Today’s NYTimes Well blog featured a story near and dear to the hearts of many of our runner patients, namely, how much pronation is right, and if you have too much or too little, are you likely to be injured?
Some background: pronation is an often misapplied term. In its strictest sense, it is used to describe motion about an oblique axis in the foot, namely the subtalar joint. It has been expanded from that use to include a general description of “flattening” of the foot, a combination of three motion patterns, eversion, external rotation, and plantarflexion.
Recently, it has been described by a noted orthopedic surgeon, Dr. Sig Hansen of Seattle as dorsal lateral peritalar subluxation, anatomically distinguishing the foot from the ankle.
What we know definitively is that the soft tissue envelope around the leg, heel, and ankle is misleading. Consensus observation of hindfoot alignment has not been shown to match radiographic alignment, necessitating the use of either Kirby or Saltzmann views to understand the position of the heel to the leg.
What this all boils down to Â in the context of the study is, how much adjustment can the foot go through while running without being injured. From the article:
“For the new study,Â published online this month in The British Journal of Sports Medicine, researchers from Aarhus University in Denmark and other institutions began by advertising in Danish newspapers and at gyms to find men and women who didnâ€™t run but were game to try.
Contrary to received running wisdom, however, those who overpronated or underpronated were not significantly more likely to get hurt than runners with neutral foot motion.This result confirms those ofÂ severalÂ earlier experimentsÂ showing that when runners choose their shoes based on their foot type â€” when overpronators wear motion-control shoes, for instance, to reduce how much they pronate â€” they sustain injuries at the same rate or at higher rates than when they choose shoes at random.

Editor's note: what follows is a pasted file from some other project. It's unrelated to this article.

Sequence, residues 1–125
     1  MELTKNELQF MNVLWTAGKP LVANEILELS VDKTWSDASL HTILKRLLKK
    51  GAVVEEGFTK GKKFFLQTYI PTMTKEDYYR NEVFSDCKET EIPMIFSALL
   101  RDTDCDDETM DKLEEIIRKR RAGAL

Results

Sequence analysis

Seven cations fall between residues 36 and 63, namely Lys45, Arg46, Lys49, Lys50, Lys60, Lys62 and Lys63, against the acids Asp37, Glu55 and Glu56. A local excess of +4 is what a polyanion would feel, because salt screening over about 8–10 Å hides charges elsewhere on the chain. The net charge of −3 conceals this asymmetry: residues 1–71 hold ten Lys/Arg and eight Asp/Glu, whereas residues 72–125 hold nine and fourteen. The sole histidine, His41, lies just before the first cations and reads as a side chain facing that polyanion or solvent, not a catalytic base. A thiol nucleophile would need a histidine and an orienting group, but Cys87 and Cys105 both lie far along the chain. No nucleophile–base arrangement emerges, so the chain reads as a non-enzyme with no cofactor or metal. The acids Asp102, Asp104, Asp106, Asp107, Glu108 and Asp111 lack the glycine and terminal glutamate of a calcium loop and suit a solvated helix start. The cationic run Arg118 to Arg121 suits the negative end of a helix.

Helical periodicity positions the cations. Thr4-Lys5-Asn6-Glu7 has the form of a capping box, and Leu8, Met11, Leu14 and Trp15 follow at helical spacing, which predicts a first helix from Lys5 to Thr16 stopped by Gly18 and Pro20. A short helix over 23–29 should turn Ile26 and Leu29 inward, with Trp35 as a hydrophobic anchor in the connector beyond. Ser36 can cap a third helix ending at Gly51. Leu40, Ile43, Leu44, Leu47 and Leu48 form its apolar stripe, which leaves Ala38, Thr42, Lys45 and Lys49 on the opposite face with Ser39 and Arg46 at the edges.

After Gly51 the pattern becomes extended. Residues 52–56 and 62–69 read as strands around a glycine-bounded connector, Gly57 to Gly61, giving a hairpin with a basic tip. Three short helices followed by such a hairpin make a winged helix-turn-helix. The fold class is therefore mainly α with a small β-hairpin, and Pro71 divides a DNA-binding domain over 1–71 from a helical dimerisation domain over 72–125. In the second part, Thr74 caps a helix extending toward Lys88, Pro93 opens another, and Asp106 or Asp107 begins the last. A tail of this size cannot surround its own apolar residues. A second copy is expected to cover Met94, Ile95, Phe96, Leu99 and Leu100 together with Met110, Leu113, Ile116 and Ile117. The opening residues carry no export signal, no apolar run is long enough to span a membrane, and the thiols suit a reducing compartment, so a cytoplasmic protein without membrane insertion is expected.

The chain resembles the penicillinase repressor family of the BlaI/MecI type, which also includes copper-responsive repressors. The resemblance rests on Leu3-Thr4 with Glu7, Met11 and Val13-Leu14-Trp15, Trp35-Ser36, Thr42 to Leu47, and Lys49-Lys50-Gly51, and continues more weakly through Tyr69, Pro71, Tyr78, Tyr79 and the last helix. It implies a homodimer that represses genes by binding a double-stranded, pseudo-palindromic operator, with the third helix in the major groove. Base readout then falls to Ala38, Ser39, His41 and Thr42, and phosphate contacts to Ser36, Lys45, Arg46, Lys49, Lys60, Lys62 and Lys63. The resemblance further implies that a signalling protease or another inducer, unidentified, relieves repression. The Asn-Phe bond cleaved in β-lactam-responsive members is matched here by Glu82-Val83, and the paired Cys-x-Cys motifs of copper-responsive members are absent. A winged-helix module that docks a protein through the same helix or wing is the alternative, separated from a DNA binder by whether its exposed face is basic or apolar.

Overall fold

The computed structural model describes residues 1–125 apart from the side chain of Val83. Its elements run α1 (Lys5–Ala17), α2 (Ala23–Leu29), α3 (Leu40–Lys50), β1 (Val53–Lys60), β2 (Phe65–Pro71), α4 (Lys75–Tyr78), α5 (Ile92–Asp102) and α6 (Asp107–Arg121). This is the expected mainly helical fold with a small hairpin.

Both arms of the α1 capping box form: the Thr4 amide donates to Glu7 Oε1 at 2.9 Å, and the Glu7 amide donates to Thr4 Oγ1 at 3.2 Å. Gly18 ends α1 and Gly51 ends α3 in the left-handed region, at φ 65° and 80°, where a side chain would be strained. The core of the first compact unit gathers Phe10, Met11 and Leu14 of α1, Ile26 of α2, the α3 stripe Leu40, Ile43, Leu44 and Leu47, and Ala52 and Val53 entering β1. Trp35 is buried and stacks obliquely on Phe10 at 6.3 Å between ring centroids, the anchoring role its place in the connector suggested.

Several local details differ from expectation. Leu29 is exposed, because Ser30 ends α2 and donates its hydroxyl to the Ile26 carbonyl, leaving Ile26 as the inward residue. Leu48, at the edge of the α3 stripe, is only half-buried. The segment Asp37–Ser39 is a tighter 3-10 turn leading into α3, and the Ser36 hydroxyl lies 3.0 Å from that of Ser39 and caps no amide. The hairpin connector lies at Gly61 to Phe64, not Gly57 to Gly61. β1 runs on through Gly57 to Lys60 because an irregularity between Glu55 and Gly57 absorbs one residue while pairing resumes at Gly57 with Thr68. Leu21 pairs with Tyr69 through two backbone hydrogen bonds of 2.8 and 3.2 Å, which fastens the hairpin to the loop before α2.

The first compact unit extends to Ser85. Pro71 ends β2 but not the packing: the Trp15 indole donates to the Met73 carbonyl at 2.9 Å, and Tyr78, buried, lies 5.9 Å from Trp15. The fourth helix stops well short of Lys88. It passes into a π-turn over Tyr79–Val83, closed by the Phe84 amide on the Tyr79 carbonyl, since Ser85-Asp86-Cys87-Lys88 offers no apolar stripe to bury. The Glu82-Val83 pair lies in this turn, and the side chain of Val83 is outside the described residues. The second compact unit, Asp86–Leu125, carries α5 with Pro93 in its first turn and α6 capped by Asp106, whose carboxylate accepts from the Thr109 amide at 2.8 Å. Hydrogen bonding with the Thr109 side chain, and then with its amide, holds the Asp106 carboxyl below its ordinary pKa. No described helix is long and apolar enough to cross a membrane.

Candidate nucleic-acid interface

In essence, what these findings suggest, says Rasmus Ostergaard Nielsen, a doctoral researcher at Aarhus University who led the new study, is that supposedly deviant degrees of pronation may not in practice be abnormal and do not contribute to injuries.
And if that is the case, he continues, runners, especially those new to the activity, probably do not need to obsess about their foot type.Â Instead, he says, they could more profitably â€œpay attention to things like body mass, training, behavior, age and previous injury in order to prevent running-related injuries.â€
Other researchers agree. â€œThis is an excellent study,â€ says Bryan Heiderscheit, an associate professor of biomechanics and director of the running clinic at the University of Wisconsin at Madison.
The research reinforces a widespread belief among scientists studying running â€œthat pronation doesnâ€™t play much of a roleâ€ in injury risk, he says. It also suggests, he says, that trying to alter pronation with a specific type of shoe is probably misguided.
At the universityâ€™s running clinic, â€œwe see so many injured runners whoâ€™ve been told that they overpronateâ€ and need sturdy motion-control shoes to fix the problem. â€œThey wind up injured anyway.â€Â Instead, he says, this new study and common sense suggest that comfort is likely to be a better guide to shoe choice than foot posture. â€œWe donâ€™t knowâ€ whether anyoneâ€™s given degree of pronation needs to be altered, he says. â€œWe do know that comfort helpsâ€ to make running tolerable. But when he asks injured runners at the clinic whether their current shoes are comfortable, â€œitâ€™s amazing,â€ he says, â€œhow many say no.â€